Jul 16, 2013 rated it really liked it
I really enjoyed this entertaining quick read. Because I had seen the film many years ago I had the Peter Sellers image in my mind throughout which only added to my enjoyment of the book.
Yair Ben-Zvi
Jan 24, 2012 rated it really liked it  ·  review of another edition
Shelves: favorites
The more of Kosinski I read the more of an anomaly he seems. The Painted Bird was a furious work of cathartic brilliance, brimming with a searing hatred juxtaposed with an innocence that, while certainly changed and even tainted by the overabundance of evil and sin in the world, still retained, if not its power, than at least its presence.

But then I read this book which feels worlds apart from the previous novel. Now, I know that Kosinksi was accused of plagiarism concerning the painted bird. Wh
...more
Tony
Aug 29, 2015 rated it really liked it
BEING THERE. (1970). Jerzy Kosinski. *****.
I first read this novel by Kosinski forty-some years ago when it first came out. I thought it was a terrific novel back then, and continue to think so on second reading. The story of Chance, the Gardiner, will stay with you forever after you have read this. Chance, or Chauncey which his name was modified to, represented the simplest form of a sentient human being. He was raised and continued to exist with a minimum of sensory input about what was going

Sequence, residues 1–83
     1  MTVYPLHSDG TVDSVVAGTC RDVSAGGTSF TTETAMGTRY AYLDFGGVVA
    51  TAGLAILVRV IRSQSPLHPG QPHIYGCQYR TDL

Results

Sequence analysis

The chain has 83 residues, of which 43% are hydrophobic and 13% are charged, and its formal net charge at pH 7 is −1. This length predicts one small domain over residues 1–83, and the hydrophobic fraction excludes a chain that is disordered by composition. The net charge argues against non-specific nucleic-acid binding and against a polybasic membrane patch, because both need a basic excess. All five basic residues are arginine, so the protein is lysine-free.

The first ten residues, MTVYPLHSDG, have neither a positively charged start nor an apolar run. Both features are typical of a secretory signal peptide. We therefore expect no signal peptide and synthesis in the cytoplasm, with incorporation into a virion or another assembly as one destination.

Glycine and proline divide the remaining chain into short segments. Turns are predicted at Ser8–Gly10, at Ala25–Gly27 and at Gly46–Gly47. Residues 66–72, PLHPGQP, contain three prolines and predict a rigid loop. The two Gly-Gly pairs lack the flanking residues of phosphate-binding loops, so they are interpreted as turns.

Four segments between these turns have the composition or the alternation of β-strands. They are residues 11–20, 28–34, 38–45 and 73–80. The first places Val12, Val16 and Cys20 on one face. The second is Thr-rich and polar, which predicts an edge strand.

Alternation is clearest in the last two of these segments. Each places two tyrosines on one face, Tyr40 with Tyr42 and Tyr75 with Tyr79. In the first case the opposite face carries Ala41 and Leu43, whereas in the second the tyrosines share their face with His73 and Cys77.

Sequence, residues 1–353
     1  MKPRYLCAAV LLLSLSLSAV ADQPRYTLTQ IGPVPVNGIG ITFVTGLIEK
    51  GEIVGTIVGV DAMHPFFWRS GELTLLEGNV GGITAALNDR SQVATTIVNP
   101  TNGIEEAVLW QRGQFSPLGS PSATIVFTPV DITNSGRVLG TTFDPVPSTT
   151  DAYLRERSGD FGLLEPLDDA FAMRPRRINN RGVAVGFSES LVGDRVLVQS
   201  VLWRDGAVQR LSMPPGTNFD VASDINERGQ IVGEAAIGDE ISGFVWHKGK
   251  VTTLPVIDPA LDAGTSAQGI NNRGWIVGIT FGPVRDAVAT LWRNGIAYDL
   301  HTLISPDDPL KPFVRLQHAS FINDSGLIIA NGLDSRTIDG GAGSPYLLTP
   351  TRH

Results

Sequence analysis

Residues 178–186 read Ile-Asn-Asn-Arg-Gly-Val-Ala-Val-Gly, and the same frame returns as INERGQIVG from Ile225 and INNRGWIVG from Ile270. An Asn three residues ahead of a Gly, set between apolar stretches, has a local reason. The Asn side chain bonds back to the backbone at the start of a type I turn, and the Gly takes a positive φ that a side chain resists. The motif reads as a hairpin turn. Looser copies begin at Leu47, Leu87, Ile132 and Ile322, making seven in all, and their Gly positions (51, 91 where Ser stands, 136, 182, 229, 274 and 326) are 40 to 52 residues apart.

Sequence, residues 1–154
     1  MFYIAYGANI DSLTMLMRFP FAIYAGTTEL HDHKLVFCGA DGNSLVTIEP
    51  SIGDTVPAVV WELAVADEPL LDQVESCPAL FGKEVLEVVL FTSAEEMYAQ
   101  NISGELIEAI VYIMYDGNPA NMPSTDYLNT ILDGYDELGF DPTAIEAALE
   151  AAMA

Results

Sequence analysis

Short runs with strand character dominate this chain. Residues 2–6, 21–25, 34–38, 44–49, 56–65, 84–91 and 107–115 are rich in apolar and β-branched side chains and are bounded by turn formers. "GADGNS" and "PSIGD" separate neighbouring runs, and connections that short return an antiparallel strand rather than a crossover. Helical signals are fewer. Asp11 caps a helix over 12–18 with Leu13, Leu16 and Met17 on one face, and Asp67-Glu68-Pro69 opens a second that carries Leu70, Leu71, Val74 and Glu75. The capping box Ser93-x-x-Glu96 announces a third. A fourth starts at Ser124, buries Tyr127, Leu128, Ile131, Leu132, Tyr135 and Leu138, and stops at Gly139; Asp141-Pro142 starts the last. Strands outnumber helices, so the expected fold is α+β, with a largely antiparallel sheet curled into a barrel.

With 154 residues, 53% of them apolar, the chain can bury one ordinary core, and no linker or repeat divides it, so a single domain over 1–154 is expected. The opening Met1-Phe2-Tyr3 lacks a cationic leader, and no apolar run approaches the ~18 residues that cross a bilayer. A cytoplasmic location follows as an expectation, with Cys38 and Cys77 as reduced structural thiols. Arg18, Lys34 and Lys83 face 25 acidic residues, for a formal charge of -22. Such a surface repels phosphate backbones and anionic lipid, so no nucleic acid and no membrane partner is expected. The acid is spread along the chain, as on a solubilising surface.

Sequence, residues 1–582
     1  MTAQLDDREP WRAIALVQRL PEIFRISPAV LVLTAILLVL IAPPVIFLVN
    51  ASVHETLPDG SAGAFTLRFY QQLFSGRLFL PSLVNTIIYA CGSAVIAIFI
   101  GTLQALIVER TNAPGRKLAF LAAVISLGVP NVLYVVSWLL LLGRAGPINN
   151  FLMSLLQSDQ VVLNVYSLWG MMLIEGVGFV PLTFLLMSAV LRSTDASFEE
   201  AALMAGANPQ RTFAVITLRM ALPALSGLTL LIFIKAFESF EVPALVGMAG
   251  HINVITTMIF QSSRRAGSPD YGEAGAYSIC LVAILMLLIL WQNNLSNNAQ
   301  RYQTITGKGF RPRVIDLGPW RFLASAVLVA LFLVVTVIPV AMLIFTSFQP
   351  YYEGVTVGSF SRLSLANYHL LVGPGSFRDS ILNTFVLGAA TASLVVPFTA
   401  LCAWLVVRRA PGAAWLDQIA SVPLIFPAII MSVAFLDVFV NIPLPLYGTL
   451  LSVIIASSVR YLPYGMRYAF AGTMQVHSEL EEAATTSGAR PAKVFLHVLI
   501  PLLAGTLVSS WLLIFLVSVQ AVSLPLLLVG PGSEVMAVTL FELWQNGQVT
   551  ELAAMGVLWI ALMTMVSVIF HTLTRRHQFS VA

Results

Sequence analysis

...more
Erin
Oct 21, 2011 rated it really liked it
At only 140 pages, this was a very quick read but fun.

Chance was sheltered from the outside world his entire life. He never left the house of his employer except to tend the garden in the backyard. He cannot read or write and spends his off time watching TV. When his employer dies he is left homeless and thrust into the outside world. After an accident and a few gardening metaphors he is thrust into America's financial and political society.

I found this book incredibly humorous. I loved the iron
...more
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Kosiński was born Josef Lewinkopf to Jewish parents in Łódź, Poland. As a child during World War II, he lived in central Poland under a false identity his father gave him to use, Jerzy Kosiński. A Roman Catholic priest issued him a forged baptismal certificate. The Kosiński family survived the Holocaust thanks to local villagers, who offered assistance to Jewish Poles often at great personal risk ...more
“Life is a state of mind.” 26 likes
“- Growth has its season. There are spring and summer, but there are also fall and winter. And then spring and summer again. As long as the roots are not severed, all is well and all be well.” 16 likes